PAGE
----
How participation in life in society can be guaranteed despite artificial light intolerance cannot be answered at present. So far, at least, people affected by artificial light have not been taken into account in terms of accessibility. But how can those affected get to kindergarten and school, to the workplace and training centre safely and without health effects when traffic lights and street lamps as well as trams, buses, trains, cars and other vehicles are equipped with LEDs inside and out and digital advertising systems and smartphones make it even more difficult to get around? How can participation take place at the place of activity? How can these people participate unhindered in cultural and leisure events if only LED and fluorescent lamps are used for general lighting? How can people affected by artificial lighting attend further education, seminars and conferences? How do they find their way around hotels? What about visits to the doctor, hospital stays, rehabilitation measures or cures? How can they go shopping for daily necessities independently?

As if all this were not enough of a barrier, medical identification of „light-sensitive patients“ has, according to our experience, so far failed mainly due to the methods and devices required for detection, as these would first have to be developed and tested. And so there is currently a lack of knowledge about intolerances and possible risks, on the basis of which quality-of-life-enhancing assistance could be provided.

Also, according to Regulation (EU) 2019/2020 – ANNEX I, Definitions for the Annexes, (61) & ANNEX II, Ecodesign requirements, 3. information requirements, (e) – an „incandescent lamp on prescription“ for light-sensitive people is not yet available in Germany, neither in pharmacies nor in medical supply shops. According to the letter of the GKV-Spitzenverband of 15.02.2021 to us, the inclusion of corresponding lamps in the list of medical aids is necessary beforehand. For this purpose, a manufacturer would have to be found who can put the already phased-out incandescent lamps back on the market with proof of the medical benefit.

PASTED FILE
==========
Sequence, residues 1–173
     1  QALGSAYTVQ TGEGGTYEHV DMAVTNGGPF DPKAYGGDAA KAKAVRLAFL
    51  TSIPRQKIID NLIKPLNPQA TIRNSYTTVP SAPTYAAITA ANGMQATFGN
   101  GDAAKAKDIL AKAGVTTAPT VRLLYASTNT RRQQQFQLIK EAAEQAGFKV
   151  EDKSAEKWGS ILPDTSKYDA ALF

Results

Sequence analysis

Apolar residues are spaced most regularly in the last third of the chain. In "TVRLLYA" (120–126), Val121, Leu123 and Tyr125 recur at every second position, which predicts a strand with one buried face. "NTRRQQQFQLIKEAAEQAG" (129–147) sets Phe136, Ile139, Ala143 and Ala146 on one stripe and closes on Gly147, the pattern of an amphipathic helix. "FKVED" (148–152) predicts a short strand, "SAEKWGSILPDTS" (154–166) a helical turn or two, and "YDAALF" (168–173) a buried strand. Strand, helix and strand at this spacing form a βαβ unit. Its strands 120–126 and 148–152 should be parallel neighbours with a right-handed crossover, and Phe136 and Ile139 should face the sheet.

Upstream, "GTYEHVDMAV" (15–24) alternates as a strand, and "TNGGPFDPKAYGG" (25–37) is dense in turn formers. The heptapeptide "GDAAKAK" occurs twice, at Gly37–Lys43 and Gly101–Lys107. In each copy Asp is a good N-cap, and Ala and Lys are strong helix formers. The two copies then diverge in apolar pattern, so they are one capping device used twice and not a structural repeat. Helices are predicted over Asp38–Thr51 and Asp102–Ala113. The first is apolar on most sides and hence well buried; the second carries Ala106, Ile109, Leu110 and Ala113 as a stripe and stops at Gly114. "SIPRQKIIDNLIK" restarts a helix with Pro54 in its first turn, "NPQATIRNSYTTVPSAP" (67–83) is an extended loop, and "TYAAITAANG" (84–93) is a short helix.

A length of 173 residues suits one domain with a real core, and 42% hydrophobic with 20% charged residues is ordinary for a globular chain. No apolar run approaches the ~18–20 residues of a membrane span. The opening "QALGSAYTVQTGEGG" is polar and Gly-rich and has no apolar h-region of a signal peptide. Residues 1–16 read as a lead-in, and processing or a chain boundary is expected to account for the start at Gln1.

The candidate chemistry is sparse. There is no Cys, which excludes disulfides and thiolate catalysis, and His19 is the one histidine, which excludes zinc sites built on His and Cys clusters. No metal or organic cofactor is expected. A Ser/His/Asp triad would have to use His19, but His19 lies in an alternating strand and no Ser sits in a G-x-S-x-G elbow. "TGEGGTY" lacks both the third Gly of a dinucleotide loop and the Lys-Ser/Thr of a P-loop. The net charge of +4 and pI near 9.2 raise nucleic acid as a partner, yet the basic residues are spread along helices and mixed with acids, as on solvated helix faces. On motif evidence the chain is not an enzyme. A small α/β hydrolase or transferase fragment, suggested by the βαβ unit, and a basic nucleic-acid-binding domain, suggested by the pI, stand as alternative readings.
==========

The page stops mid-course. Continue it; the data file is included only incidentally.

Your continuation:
In addition, the widespread use of LED lamps has meant that commercially available luminaires now provide less electrical power (watts) than was previously generally the case. Both the lampholders themselves and the wire in the current-conducting cable are of smaller dimensions and therefore no longer suitable for all types of lamps. Consequently, if the current consumption of the „incandescent lamp on prescription“ is too high, the luminaire may be overloaded and even cause a cable fire.

Your assistance, Honourable Members of the Committee on Petitions, can help to ensure that:

  • in the design of electric light sources,
  • by making available incandescent lamps and compatible luminaires,
  • in the medical registration of artificial light incompatibilities,
  • in the creation of accessibility

the needs of sensitive groups of people are also taken into account responsibly in the future.

Petition Nr. 0447/2020

As stated in our letter of 10.04.2020, we support the reintroduction of near-infrared electric light sources in artificial lighting environments.

Although more operating current is required for near-infrared electric light sources than for short-wave HEVL light sources, this parameter could be put into perspective upon further consideration. This is because the use of HEVL light sources could lead to adverse health effects in the long term that are relevant to population medicine. This, in turn, would have to be compensated by a higher use of energy and resources.
In this context, we pointed out that near-infrared light seems to be suitable to mitigate negative effects of HEVL light sources on human health.

Since this potential risk is of important economic significance due to the widespread use of HEVL light sources, we suggest a proactive intervention. In this regard, we ask you, Honourable Members of the Committee on Petitions, for your assistance in taking appropriate precautionary measures.